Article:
In 1998, India conducted nuclear tests, which boosted the country’s national security status. “If India had joined the nonproliferation treaty and forsworn nuclear weapons, as Ukraine did in 1994, India would’ve been quite defenseless” in the event of a Chinese or joint Chinese/Pakistani invasion.
During this period, India also saw rapid economic growth and poverty reduction, Ganguly noted. “According to UN statistics, if 49.4% of Indians were living below the poverty line in 1994; that dropped exactly half to 24.7% by 2011.
“One could argue that India actually did well out of the West-led liberal order that marked the globalized era” after 1991, he said. The policy of nonalignment became multi-alignment, “in which India retained the flexibility to have good relations with everybody. All of this can be glossed as India wanting to preserve its independence and freedom of action and to have more of a say in global affairs.”
This brought the audience to the present day. While the Russian invasion of Ukraine “may have come as a shock to many,” Ganguly said, “in some ways it represents a crystallization of trends that have been under way for quite some time since the 2008 financial crash, or perhaps even before.”
Ganguly quoted former Secretary of Defense Robert Gates, who said in a Washington Post op-ed that “America has taken a 30-year holiday from history.” After the Cold War, the West was tempted to assume that the liberal order would uphold itself and no further safeguards were needed, Ganguly said. The Russian invasion of Ukraine has woken America from that holiday from history, he said.
During America’s “holiday from history,” political rights and civil liberties declined and the economic management of liberal democracies has led to a populist backlash against technocratic and financial elites, Ganguly said.“And while that wave of populist nationalism may have had some accurate hunches about flaws in the global liberal order, the solutions proposed are way too simplistic, sometimes tantamount to witch hunts, and they have the effect of short-circuiting democratic rights, political accountability, checks and balances supposed to be inherent in the liberal order,” he said.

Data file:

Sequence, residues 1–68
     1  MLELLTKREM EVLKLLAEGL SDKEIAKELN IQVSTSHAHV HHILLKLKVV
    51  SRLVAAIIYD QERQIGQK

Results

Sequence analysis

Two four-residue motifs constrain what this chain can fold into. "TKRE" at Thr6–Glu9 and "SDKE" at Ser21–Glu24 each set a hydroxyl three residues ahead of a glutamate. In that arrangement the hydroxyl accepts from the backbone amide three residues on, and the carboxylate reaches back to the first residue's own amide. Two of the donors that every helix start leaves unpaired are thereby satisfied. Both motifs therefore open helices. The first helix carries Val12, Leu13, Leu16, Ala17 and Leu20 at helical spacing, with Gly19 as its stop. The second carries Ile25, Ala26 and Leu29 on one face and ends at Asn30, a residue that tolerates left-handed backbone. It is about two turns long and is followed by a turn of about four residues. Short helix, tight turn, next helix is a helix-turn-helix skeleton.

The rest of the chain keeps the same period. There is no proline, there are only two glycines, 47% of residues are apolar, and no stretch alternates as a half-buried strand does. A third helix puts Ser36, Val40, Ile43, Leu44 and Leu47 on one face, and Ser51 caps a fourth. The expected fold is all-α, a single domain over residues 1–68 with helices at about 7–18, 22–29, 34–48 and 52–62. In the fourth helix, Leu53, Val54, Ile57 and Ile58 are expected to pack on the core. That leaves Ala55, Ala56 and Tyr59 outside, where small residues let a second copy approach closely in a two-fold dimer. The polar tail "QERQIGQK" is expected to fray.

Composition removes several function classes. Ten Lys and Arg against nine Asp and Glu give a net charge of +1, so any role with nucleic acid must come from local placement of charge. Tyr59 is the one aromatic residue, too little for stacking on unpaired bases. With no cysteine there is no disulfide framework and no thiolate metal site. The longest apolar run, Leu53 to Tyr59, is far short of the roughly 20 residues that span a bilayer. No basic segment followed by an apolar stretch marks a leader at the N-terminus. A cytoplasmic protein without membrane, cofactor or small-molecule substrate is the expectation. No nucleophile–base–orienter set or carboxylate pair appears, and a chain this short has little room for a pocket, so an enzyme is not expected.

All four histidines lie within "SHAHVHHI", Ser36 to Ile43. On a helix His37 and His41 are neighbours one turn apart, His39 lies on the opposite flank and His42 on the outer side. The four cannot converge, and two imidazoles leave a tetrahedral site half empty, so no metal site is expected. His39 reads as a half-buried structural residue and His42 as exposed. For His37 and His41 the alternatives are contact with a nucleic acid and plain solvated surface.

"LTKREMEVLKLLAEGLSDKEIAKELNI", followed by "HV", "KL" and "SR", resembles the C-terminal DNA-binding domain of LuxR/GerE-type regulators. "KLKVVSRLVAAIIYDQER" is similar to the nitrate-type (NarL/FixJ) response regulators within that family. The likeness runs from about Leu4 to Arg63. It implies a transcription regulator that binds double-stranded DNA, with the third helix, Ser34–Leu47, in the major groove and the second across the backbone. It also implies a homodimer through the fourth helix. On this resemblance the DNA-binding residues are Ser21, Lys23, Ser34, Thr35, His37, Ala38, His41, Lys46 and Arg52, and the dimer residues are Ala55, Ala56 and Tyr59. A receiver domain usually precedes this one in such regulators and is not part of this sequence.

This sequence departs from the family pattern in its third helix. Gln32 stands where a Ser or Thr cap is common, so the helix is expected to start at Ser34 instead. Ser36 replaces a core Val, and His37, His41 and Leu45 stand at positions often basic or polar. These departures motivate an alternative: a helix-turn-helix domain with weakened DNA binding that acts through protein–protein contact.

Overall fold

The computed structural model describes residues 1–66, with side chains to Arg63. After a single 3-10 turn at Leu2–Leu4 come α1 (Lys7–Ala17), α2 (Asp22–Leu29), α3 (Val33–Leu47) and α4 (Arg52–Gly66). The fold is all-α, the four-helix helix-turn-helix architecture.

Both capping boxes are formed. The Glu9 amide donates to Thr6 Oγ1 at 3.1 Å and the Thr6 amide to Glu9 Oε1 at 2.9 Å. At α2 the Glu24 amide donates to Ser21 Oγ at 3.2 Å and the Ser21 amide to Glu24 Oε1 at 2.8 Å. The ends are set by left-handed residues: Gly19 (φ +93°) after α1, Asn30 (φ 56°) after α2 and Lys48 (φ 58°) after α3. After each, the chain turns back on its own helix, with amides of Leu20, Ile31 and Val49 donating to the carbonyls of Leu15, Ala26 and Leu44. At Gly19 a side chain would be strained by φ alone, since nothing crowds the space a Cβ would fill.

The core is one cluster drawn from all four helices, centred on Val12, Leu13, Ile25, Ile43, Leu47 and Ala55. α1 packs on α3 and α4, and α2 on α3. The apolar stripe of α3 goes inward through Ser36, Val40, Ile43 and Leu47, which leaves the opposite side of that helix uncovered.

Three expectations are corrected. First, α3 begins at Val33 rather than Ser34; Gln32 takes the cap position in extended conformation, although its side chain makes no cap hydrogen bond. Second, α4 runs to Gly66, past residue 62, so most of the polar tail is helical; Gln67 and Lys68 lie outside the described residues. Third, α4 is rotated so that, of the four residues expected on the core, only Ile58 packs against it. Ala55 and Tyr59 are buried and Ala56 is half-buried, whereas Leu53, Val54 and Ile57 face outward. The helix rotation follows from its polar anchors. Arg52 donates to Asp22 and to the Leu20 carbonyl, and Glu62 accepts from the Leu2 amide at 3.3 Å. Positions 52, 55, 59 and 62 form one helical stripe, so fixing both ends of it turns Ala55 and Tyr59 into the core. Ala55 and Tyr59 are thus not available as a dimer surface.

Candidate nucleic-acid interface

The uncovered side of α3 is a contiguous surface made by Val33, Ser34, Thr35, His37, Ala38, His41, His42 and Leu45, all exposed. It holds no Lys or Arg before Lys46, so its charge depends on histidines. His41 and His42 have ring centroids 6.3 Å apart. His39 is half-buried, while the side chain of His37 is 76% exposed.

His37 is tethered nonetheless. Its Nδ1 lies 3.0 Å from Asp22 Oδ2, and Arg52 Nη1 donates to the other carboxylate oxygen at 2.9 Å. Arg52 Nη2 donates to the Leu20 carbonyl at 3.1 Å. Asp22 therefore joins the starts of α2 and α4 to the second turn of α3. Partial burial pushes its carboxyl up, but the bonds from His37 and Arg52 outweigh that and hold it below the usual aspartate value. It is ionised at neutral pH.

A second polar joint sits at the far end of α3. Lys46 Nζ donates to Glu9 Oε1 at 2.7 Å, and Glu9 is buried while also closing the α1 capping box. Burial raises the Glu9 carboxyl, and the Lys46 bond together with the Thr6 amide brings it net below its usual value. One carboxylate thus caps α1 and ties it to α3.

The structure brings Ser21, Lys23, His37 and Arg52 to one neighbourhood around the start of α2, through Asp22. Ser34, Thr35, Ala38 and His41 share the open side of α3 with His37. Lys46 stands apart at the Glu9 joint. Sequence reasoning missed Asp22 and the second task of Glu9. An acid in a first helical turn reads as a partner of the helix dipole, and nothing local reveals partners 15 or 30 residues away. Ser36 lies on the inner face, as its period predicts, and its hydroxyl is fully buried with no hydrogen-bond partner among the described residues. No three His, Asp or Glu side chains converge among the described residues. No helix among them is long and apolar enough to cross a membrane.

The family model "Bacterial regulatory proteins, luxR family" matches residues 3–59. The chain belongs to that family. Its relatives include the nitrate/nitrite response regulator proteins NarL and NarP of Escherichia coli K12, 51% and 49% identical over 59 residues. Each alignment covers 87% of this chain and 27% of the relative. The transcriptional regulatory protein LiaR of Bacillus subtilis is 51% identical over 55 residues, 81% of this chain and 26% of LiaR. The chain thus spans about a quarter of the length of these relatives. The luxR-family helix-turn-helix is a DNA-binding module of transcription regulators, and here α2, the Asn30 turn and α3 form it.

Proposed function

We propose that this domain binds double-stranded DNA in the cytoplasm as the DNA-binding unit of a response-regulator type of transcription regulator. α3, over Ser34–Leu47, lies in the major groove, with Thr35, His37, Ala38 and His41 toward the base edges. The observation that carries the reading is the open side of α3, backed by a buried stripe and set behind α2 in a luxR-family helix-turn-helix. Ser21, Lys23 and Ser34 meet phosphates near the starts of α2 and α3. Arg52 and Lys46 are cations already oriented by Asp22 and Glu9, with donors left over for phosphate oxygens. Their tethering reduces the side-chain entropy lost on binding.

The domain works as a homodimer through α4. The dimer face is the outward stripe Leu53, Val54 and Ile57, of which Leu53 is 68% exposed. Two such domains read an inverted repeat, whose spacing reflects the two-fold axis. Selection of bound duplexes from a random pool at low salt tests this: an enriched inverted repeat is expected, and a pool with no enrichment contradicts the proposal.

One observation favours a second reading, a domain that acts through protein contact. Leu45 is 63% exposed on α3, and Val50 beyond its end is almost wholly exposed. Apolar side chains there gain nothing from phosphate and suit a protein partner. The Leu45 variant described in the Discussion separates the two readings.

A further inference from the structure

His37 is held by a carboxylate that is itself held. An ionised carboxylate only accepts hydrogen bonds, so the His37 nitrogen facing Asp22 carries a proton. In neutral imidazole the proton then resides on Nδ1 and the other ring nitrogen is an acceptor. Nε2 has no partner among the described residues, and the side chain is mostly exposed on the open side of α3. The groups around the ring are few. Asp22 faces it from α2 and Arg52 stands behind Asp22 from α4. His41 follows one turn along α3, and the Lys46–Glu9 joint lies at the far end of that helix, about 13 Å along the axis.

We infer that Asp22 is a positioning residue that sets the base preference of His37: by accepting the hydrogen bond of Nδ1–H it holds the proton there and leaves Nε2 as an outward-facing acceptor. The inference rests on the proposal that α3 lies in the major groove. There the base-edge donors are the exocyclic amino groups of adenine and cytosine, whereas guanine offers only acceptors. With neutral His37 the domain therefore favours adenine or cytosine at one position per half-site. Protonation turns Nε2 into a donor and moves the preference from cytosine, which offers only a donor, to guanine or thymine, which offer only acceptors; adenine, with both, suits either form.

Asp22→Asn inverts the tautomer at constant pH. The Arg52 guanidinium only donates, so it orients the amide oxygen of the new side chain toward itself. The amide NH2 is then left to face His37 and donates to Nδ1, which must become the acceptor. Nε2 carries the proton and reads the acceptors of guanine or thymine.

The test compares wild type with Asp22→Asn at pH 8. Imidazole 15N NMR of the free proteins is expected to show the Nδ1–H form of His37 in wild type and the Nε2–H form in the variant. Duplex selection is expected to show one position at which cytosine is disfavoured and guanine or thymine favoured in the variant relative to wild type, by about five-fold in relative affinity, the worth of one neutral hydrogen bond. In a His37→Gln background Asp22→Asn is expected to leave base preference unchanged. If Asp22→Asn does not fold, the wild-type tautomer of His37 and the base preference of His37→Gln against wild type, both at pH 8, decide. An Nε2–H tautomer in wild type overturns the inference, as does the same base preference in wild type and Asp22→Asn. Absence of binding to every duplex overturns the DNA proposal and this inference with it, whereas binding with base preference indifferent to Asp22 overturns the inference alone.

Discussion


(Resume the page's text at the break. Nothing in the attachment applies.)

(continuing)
The liberal order has been “superseded by an illiberal order in the 21st century.” It’s time to consider how India, the U.S., and others can jointly “tackle the challenges which have been crystallizing for a while for one or two decades.”
In a world that has become increasingly worried about China overreaching, India is an important partner, Ganguly said. “It is the only country in the world whose human resources can match China’s. It is committed to a rules-based international order. It has the world’s sixth largest economy with room to grow much further. It can help with diversification and building resilient global supply chains.”
So what does India want? Better trade terms, more defense, and technology, Ganguly said. “If we are going to construct a global liberal order—that is, better than the way it was before—a strong partnership between India and the West would promote that kind of thing.”
An understanding between India and the West would shore up the rules-based international order, Ganguly said, creating favorable conditions for India’s rise.